Tuesday, 8 December 2015

Renault Clio - the latest model behind a spellbinding drive

HARRY POTTER has led me to some of the best roads in the British Isles.

Well, the makers of the films – and my other half’s love of tracking down their locations of choice – did. Head to Hogsmeade railway station (which I’m reliably informed appeared in the first film) and you have to go there via some of the North Yorkshire Moors’ more stunning roads. Equally magical for wizard watchers is Malham Cove, which apparently popped up in the first instalment of Harry Potter and the Deathly Hallows – and meant I had an excuse to drive across the Yorkshire Dales in an MX-5.

It’s weird. A movie franchise best known for flying Ford Anglias appears to have been filmed entirely in places car fans love. Which is how I ended up driving along Ireland’s further-flung bits of coastline in a rented Renault Clio last week.

I already knew the destination would be pretty spectacular – if the Cliffs of Moher are dramatic enough to appear in a cinema near you, chances are they’ll be even more imposing in real life – but two things left a big impression on the way there.

The first is discovering there’s a road that threads its way along the Atlantic coastline for mile after mile before twisting and turning through what feels like an eternity of hairpins on its way up to the clifftop – and that it was virtually deserted. It’s a bit of Ireland that’s wonderfully removed from our rush hour madness, but stick your car on the Liverpool ferry to Dublin tonight and you could be driving it tomorrow afternoon.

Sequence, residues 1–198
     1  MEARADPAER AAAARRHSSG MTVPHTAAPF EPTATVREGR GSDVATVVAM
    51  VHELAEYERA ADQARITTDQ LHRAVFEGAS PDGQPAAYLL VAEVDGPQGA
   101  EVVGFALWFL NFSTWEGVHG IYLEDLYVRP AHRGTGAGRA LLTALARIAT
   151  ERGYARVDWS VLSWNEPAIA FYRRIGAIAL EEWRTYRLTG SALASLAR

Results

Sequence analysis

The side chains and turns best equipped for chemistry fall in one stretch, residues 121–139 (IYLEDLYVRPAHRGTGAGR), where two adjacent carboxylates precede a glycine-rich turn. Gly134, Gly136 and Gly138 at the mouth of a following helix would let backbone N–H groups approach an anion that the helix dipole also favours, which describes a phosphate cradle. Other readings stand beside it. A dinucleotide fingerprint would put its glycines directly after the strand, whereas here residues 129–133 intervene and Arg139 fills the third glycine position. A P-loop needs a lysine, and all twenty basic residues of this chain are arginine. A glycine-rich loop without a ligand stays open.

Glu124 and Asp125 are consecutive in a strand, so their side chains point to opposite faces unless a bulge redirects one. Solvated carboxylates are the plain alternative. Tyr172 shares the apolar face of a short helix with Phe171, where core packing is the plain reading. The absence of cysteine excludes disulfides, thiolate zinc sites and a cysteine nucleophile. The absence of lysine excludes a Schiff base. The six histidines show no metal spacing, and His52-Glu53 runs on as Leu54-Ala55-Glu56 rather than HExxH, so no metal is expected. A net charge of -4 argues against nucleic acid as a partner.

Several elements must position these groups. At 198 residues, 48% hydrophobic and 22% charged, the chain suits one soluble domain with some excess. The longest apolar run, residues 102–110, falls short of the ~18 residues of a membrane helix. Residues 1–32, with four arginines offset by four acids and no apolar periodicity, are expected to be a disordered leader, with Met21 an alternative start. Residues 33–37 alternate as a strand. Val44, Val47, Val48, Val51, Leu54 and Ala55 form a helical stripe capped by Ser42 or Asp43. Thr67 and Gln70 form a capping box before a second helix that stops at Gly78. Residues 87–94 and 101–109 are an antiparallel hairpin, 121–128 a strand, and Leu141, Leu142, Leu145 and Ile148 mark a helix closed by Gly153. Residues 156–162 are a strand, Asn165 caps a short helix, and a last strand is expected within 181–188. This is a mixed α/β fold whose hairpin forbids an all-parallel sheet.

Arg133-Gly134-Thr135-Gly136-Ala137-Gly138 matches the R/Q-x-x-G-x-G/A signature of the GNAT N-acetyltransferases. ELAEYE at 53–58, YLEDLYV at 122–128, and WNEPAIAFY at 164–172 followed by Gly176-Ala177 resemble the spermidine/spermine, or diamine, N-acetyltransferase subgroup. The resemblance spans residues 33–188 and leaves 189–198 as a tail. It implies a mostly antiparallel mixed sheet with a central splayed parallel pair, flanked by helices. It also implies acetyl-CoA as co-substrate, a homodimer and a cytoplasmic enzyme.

Yet the real surprise was the car – that rented Clio. It might have an interior lined with cheap feeling, scratchy plastics but there was nothing low-rent about the way it clung on in tight corners. It just got on with the job with no fuss – track day fans might look elsewhere but in supermini terms I’ve driven far worse.

It looks good too – gone are the blobby proportions of the old Clio and in are some neat bits of detailing – like those Alfa 156-esque hidden rear door handles. In fact, the only thing I could really fault it on was the lack of oomph from the 1.2-litre petrol engine – 75bhp was more than enough for Galway’s tight streets, but it definitely felt like it was made for a smaller stage than Ireland’s trickiest roads.

I suspect there Ford’s Fiesta would have been more fun, but give me the right deal and I’d be more than happy to be chucked the keys to the French offering. Renault was clearly on a roll when it reinvented the Clio.


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